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State Ombudsman Program In Place to Address Concerns and Problems

There have recently been disturbing reports about the severe deficiencies and failures at various Sauk Valley nursing homes, encompassing facilities in multiple counties (Lee County, Whiteside County, Ogle County, and Carroll County, as well as one facility in Bureau County). Sauk Valley facilities has approximately a 65% rate of severe deficiencies, while the state of Illinois, which is one of the worst in the nation for nursing home care, has about a 25% rate. And on top of the abuse and gross neglect that occur, or at least are alleged to occur at these facilities, those who run the building fail to even adhere to building codes and fire codes, which is even more disturbing.

The state has the Illinois Long-Term Care Ombudsman Program, which was implemented pursuant to both the Federal Older Americans Act as well as the Illinois Act on Aging. The purpose of the program is to “protect[] and promote[] the rights and quality of life for people who reside in long-term care facilities (nursing homes).” Ombudsman duties include “informing residents and their families of their rights; resolving complaints; providing information on residents needs/concerns to their families, facility staff and their community; and advocating for good individualized care.”

Ombudsmen have the legal right and mandate to enter any facility and access any general living areas as well as individual resident living areas if the resident allows. This also allows the ombudsman to have direct access to patients as well as staff to hear directly from them about any concerns or problems they have experienced or of which they are aware. Cathy Weightman-Moore is one of these state ombudsmen, and she specifically covers nine different counties, including the multiple aforementioned counties implicated in the Sauk Valley investigation. Ms. Weightman-Moore has six employees as well as 15 volunteers who also aid her in educating residents about their rights and know what to look for during nursing home visits. Ms. Weightman-Moore recently weighed in on this collective failure at Sauk Valley by emphasizing that all nursing home residents are a part of a community and should be treated no differently.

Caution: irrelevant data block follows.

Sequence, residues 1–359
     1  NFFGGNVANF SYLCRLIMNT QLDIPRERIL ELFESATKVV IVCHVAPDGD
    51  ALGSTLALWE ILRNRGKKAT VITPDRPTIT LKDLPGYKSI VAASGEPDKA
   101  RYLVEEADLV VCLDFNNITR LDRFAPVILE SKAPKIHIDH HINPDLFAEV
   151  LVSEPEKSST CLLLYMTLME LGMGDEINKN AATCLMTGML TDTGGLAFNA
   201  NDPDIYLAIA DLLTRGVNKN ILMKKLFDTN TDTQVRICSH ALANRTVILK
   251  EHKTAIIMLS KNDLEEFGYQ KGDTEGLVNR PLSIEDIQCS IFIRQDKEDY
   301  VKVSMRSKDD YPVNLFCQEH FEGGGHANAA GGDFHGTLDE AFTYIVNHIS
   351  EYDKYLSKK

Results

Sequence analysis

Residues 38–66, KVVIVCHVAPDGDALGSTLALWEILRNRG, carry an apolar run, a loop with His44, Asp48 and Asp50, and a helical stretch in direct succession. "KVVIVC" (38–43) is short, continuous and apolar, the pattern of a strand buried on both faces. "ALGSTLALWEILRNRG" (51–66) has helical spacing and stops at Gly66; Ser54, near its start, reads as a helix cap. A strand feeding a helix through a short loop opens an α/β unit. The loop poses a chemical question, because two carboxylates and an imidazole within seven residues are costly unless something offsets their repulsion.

A Critical Service

One of the important aspects of the ombudsman program is that ombudsmen can file confidential complaints based on information gathered from nursing home residents if those residents are worried about being retaliated against by nursing home staff for complaining. The complaint, even if confidential, can trigger an investigation and ultimately sanctions and an order for compliance if the claims are meritorious. As reported, this happens nearly a quarter of the time. This process also shows how important the ombudsmen are in conveying information to residents so they are aware of their rights and know they can safely report problems without fear of rebuke. Thus the ombudsman program has educational, investigatory and compliance-related functions.

The ombudsmen program is an important aspect to keeping nursing homes in compliance and providing the proper care for residents, especially in a state with such a poor record of abuse and negligence. It is also even more important as bigger management companies take ownership stakes in these facilities, as has been seen in the Sauk Valley homes cited in the recent study. Bigger ownership by fewer companies reduces competition and makes it easier to lower quality of care. Where the bottom line for these companies is the bottom line, the quality of care, proper nutrition, correct medications, and higher staffing levels all take a hit in the desire for profit. The system can certainly be improved, and hopefully the ombudsman program can help ensure better oversight while the government will hopefully employ better regulations and effective sanctions.

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